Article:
Hor. Now cracks a noble heart;-Good night, sweet And flights of angels sing thee to thy rest! [prince; Why does the drum come hither? [March within.

Enter FORTINBRAS, the English Ambassadors, and others.

Fort. Where is this sight?

What is it, you would see? If aught of woe, or wonder, cease your search,

Fort. This quarry cries on havock !LO proud death!
What feast is toward in thine eternal cell,
That thou so many princes, at a shot,
So bloodily hast struck?
1 Amb.

The sight is dismal ;
And our affairs from England come too late :
The ears are senseless, that should give us hearing,
To tell him, his commandment is fulfill’d,
That Rosencrantz and Guildenstern are dead:
Where should we have our thanks?

Not from his mouth,"
Had it the ability of life to thank you ;

gave commandment for their death.

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h The potent poison quite o'er-crows —] Alluding to a victorious cock exulting over his conquered antagonist.–STEEVENS.

occurrents,] i. e. Incidents.

solicited,] For excited. ? This quarry cries on havock !) To cry on, was to esclaim against. I suppose, when unfair sportsmen destroyed more quarry or game than was reasonable, the censure was to cry, havock.-Johnson.

m What feast is toward in thine eternal cell,] The allusion is to the chose, or feasts of the dead, which were anciently celebrated at Athens, and are mentioned by Plutarch in The Life of Antonius.--STEEVENS.

- his mouth,] i. e. The king's.


For me,

But since, so jump upon this bloody question,
You from the Polack wars, and you from England,
Are here arriv'd; give order, that these bodies
High on a stage be placed to the view;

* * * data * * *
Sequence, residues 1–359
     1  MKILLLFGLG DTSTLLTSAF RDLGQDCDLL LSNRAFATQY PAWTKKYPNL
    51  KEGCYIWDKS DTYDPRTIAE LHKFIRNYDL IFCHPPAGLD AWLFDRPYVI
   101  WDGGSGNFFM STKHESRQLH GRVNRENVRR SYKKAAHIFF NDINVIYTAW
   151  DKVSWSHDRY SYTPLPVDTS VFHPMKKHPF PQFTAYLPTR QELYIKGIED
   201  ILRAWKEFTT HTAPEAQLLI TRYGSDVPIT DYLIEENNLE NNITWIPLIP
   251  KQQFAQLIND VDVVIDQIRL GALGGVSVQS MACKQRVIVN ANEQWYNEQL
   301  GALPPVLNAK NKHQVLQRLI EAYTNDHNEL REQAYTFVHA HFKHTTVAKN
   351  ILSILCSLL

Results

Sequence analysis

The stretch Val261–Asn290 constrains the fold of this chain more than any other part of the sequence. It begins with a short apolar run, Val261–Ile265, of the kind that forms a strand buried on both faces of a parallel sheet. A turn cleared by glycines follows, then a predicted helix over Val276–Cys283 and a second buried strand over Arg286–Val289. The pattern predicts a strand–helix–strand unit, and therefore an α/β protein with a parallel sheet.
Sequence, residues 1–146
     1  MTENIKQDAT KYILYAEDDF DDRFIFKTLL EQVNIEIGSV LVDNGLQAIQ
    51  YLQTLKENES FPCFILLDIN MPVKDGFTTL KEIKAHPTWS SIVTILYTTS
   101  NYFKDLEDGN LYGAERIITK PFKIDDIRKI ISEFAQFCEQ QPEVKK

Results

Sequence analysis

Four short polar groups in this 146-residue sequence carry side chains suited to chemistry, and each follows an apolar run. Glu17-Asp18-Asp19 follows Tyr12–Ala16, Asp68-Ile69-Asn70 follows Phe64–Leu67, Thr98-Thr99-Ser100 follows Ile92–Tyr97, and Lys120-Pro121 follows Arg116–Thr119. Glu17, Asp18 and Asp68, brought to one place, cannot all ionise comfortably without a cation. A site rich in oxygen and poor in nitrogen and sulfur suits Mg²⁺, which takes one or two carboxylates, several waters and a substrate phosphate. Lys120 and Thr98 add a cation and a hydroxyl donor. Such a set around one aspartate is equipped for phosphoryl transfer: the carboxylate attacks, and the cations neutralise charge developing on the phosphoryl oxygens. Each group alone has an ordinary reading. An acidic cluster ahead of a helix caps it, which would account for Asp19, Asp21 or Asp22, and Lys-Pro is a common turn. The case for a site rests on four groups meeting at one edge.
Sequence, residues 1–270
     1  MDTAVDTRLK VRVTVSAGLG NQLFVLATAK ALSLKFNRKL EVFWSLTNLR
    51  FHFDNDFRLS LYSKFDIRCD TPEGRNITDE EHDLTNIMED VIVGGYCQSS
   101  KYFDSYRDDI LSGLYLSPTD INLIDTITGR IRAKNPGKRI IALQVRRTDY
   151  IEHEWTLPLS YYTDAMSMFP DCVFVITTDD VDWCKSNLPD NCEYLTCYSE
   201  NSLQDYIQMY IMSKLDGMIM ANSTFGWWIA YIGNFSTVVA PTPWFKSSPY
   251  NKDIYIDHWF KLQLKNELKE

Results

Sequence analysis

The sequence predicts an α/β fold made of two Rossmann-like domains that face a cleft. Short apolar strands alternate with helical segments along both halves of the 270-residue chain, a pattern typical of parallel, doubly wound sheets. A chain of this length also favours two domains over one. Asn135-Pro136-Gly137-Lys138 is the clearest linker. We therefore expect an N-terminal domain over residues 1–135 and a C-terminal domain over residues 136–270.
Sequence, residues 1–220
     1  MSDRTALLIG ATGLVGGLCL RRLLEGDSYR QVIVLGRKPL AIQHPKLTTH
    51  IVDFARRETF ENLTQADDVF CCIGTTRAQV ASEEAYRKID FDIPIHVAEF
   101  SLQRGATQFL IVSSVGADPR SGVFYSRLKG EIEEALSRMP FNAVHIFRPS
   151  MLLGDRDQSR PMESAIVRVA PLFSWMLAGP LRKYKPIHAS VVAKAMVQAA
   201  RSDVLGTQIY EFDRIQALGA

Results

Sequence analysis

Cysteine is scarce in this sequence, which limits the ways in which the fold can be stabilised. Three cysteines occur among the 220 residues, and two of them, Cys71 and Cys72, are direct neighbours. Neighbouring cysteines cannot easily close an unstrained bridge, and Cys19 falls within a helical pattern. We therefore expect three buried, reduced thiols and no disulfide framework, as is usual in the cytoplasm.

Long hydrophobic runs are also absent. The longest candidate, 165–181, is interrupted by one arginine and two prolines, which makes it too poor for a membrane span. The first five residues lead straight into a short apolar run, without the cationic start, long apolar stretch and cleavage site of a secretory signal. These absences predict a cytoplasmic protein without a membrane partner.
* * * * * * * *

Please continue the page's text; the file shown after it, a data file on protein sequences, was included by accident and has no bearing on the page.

And let me speak, to the yet unknowing world,
How these things came about: So shall you hear
Of carnal, bloody, and unnatural acts;o
Of accidental judgments, casual slaughters;
Of deaths put one by cunning, and forc'd cause ;
And, in this upshot, purposes mistook
Fall’n on the inventors' heads: all this can I
Truly deliver.

Fort. Let us haste to hear it, And call the noblest to the audience. with sorrow I embrace


fortune; I have some rights of memory in this kingdom, Which now to claim my vantage doth invite me.

Hor. Of that I shall have also cause to speak,
And from his mouth whose voice will draw on more:
But let this same be presently perform'd,
Even while men's minds are wild : lest more mischance,
On plots, and errors, happen.

Let four captains
Bear Hamlet, like a soldier, to the stage;
For he was likely, had he been put on,
To have prov'd most royally; and, for his passage,
The soldier's musick, and the rites of war,
Speak loudly for him.-
Take up the bodies :-Such a sight as this
Becomes the field, but here shows much amiss.
Go, bid the soldiers shoot.

[A Dead March. [Exeunt, bearing off the dead Bodies; after

which a Peal of Ordnance is shot off." Of carnal, bloody, and unnatural acts;] Of sanguinary and unnatural acts, to which the perpetrator was instigated by concupiscence, or, to use our poet's own words, by "carnal stings.” The speaker alludes to the murder of old Hamlet by his brother, previous to his incestuous union with Gertrude.MALONE.

put on--] i.e. Instigated, produced.

some rights of memory in this kingdom,] Some rights, which are remembered in this kingdom -M ALONE.

' If the dramas of Shakspeare were to be characterised, each by the particular excellence wbich distinguishes it from the rest, we must allow to the